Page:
• Class 16: ‘catalogues relating to computer software’, ‘computer software operating manuals’, ‘instruction manuals’, ‘instruction manuals for personal computers, mobile telephones and palmtop computers’ and ‘books’;
  • Class 42: ‘updating and maintenance of computer software and programs’, ‘configuring computer hardware using software’, ‘configuration of computer networks by software’, ‘configuration of computer software’, ‘computer hardware and software consultancy’ and ‘computer software technical support services’;

When Brownies trademarks are really used?

When it comes to protection of trademarks, the law requires these trademarks to be genuine used within 5 years after their registration. If this doesn’t happen or the use is ceased for 5 consecutive years one registered trademark can be revoked.

This is used often in opposition procedures by trademark applicants who ask the opposition applicant to prove trademark use for a period of 5 years. If there is no evidence for such use, oppositions are dismissed.

The General Court has ruled in case T‑598/18 that concerns such a situation. The case background is as follow:

On 30 April 2015, Mr Juan Morera Morral filed an application for registration of an EU trade mark for BROWNIE in classes 18, 25 and 35.

Against this application an opposition was filed by The Guide Association based on earlier marks for BROWNIES and BROWNIE for similar goods and services.

On 26 August 2016, the applicant requested that the intervener furnish proof that the earlier trade mark had been put to genuine use.

On 18 January 2017, the intervener produced several documents, consisting of an affirmed statement by its Corporate Resources Director (‘the affirmed statement’) and five annexes, as proof of genuine use of the earlier mark (‘the second series of documents’). One of the marks was used in this graphic representation:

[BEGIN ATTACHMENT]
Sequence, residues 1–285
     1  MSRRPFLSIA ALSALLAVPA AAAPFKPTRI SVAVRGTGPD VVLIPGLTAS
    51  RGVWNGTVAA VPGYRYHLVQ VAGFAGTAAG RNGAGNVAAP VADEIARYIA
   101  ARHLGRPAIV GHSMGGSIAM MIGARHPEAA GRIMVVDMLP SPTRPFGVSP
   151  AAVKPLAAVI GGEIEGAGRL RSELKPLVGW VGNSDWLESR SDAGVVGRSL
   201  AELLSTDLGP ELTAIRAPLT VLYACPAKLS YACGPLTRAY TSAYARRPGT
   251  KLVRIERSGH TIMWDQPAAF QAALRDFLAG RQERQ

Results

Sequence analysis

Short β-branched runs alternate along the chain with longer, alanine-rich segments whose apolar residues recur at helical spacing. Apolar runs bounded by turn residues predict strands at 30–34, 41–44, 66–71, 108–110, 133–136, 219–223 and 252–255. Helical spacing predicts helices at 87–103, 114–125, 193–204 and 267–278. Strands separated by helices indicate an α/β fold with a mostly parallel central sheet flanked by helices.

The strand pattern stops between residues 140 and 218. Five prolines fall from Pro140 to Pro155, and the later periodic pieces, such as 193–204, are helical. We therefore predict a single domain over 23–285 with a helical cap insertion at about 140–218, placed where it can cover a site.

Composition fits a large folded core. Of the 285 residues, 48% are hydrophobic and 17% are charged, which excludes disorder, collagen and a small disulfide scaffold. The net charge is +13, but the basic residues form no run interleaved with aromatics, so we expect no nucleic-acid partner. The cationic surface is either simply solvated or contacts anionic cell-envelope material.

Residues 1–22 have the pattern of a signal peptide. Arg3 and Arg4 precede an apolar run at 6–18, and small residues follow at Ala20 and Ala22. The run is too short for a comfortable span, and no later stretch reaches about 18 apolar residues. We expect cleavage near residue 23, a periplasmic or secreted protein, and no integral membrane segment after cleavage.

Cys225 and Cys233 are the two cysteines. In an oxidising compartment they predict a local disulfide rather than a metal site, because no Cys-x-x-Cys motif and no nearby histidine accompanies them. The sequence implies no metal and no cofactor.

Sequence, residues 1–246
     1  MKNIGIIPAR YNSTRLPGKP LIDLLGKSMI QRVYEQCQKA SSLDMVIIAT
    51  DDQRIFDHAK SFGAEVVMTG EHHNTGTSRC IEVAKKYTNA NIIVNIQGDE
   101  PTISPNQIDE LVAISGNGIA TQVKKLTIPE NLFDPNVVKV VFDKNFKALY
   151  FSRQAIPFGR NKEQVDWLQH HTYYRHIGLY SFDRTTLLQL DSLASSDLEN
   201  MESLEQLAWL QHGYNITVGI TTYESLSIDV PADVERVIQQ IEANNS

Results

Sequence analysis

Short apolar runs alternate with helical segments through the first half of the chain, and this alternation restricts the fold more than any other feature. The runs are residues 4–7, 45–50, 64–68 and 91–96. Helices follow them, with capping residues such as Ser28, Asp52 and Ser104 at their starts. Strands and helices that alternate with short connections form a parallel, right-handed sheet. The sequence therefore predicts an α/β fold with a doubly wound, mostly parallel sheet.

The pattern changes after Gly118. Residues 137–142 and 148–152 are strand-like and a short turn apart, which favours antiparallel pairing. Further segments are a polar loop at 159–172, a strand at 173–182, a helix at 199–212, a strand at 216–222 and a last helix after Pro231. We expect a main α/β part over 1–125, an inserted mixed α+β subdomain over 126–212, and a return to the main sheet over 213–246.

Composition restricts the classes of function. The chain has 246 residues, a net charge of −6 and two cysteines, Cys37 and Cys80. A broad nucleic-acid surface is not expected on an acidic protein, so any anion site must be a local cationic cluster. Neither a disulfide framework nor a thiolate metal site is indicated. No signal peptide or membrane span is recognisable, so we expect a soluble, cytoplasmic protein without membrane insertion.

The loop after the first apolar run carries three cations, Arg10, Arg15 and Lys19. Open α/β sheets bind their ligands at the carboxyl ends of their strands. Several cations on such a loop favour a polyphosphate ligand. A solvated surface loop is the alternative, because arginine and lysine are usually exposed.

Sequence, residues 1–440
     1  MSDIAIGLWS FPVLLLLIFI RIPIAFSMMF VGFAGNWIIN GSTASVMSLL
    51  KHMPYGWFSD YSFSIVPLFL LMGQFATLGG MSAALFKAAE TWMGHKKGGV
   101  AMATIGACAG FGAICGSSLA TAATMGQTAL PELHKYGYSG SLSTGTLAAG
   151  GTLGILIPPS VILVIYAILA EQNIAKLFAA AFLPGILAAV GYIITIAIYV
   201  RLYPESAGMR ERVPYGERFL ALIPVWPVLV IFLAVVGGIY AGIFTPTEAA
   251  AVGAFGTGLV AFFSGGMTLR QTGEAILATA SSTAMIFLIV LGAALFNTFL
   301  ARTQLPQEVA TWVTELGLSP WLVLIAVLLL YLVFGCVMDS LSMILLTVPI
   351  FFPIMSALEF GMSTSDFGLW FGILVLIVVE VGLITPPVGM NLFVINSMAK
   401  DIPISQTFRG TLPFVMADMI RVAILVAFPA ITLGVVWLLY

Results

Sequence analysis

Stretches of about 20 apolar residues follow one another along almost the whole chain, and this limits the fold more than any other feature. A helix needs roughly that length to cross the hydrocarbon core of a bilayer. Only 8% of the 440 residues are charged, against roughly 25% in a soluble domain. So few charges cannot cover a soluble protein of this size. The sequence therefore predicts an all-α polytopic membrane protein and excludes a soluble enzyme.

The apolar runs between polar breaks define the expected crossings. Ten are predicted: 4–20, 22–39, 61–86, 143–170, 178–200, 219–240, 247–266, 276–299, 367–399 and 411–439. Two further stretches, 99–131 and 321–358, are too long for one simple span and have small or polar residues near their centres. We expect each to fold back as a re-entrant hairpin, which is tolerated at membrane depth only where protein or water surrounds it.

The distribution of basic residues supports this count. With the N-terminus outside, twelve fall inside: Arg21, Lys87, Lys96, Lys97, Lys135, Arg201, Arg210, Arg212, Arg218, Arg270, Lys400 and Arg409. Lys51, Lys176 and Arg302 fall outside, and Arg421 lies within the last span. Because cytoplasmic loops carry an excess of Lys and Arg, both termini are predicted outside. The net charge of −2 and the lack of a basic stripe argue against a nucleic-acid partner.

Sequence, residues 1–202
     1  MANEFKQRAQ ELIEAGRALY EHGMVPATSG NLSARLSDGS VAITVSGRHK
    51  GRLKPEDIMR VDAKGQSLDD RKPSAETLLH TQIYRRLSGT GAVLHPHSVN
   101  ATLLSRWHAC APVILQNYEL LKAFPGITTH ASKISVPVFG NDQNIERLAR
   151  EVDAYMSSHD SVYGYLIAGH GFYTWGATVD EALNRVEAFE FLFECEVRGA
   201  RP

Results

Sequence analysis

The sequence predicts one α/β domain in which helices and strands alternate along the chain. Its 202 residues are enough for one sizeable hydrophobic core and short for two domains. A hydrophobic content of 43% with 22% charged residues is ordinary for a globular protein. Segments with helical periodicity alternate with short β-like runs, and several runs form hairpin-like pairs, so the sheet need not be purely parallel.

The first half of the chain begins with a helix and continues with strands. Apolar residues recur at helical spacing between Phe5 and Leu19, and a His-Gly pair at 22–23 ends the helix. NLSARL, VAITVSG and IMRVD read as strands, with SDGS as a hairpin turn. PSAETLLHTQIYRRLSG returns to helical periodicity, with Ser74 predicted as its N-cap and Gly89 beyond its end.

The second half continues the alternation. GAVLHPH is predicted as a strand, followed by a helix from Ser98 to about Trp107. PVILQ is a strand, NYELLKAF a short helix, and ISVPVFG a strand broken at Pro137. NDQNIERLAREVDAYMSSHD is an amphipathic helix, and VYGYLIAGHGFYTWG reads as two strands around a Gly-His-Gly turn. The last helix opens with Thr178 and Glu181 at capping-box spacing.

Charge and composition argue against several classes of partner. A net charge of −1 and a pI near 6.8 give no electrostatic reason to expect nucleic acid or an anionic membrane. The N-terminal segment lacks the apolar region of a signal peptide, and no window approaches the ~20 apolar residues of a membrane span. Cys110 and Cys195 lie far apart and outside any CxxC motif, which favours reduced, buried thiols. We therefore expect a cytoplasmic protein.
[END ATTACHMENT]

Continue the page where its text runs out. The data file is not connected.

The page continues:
On 23 October 2017, the Opposition Division partially upheld the opposition. In particular, it considered that the intervener had furnished proof of genuine use of the earlier trade mark for the goods and services such as ‘Key rings’; ‘Rucksacks; daysacks; bags for children’; ‘Articles of clothing, all for girls’; ‘Badges; emblems; ribbons; embroidery; patrol names, shoulder patches, all in the nature of embroidery; woggles’; ‘Organisation of group activities in the education, cultural, training and entertainment fields; provision of courses of instruction and training in camping, sports, homemaking, wood-craft’.

In addition, it found that there was a likelihood of confusion between the marks at issue.

On 18 December 2017, the applicant filed a notice of appeal with EUIPO against the decision of the Opposition Division.

By decision of 4 July 2018 the Second Board of Appeal of EUIPO dismissed the appeal. In particular, first, it found that the intervener had furnished proof of genuine use of the earlier trade mark in respect of some of the goods and.

This decision was appealed again.

The General Court dismissed the appeal. In brief, according to the Court, one word trademark can be deemed as used even represented in graphics and colors if there are no significant differences with its dominant and distinctive elements. In the case at hand, although used in a graphic representation, the dominant and distinctive element is still the word part. From that perspective this constitutes proof of use of the registered word mark.